Computer scientist receives NSF CAREER award for robotics research

June 26, 2001

TROY, N.Y. -- Srinivas Akella, assistant professor of computer science at Rensselaer, was awarded a Faculty Early Career Development (CAREER) Award from the National Science Foundation to develop software that will eventually allow industrial robots to do what they've never done before: manipulate flexible objects.

Akella will receive $399,700 from the NSF over the next five years to develop algorithms for the robotic manipulation, motion planning, and design of articulated, or hinged, objects such as cardboard packaging cartons folded from flat blanks and "pop-up" MEMS (microelectromechanical systems) devices. The goal is to enable simple robots to fold and assemble complex 3-D objects from two-dimensional blanks. Currently, robots are limited to manipulating rigid objects.

"Humans use their hands and fingers and can make accommodations for changes in the shape or size of a cardboard box, for example," Akella said. "A robot isn't as sophisticated or flexible in accommodating change. But robots have an advantage in that they don't get repetitive stress injuries." Akella is developing algorithms to enable industrial robots to accomplish complex manipulation tasks. By using software and interchangeable hardware, standard assembly-line robots can be flexible to changes in product packaging. Akella's techniques would reduce manufacturing costs and time required for new products.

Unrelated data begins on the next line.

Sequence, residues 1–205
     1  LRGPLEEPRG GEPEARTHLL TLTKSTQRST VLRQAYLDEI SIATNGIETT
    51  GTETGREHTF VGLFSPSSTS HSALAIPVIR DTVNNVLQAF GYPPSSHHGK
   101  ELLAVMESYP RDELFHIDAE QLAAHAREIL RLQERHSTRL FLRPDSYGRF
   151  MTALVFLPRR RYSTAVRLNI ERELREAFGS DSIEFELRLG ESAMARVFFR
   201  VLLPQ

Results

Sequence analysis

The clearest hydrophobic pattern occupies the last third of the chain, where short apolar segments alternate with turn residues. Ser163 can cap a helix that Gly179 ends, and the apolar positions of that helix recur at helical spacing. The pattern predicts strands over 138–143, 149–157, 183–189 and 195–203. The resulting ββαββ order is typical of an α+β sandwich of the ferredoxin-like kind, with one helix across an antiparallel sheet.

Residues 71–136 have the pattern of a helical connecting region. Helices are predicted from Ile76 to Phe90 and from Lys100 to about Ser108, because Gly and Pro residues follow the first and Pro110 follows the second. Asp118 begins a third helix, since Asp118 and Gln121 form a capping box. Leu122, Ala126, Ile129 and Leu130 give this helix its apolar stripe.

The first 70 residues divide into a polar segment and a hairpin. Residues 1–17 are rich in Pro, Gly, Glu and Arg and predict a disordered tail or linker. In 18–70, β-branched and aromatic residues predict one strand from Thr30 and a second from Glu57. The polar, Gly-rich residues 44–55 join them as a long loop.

Akella's research may also enable batch fabrication of 3-D pop-up MEMS devices. MEMS devices are typically fabricated from silicon as planar elements. The challenge lies in automating the creation of 3-D micro-optical and microrobotic devices using microhinges to pop these elements out of the plane. Akella is developing design and simulation tools for the automatic manipulation and motion planning of such devices.

In addition to involving undergraduates in this research and developing new courses in robotics and geometric algorithms, Akella is initiating a robotics program using Lego kits with the Junior Museum to interest schoolchildren in science and engineering.

Rensselaer Polytechnic Institute

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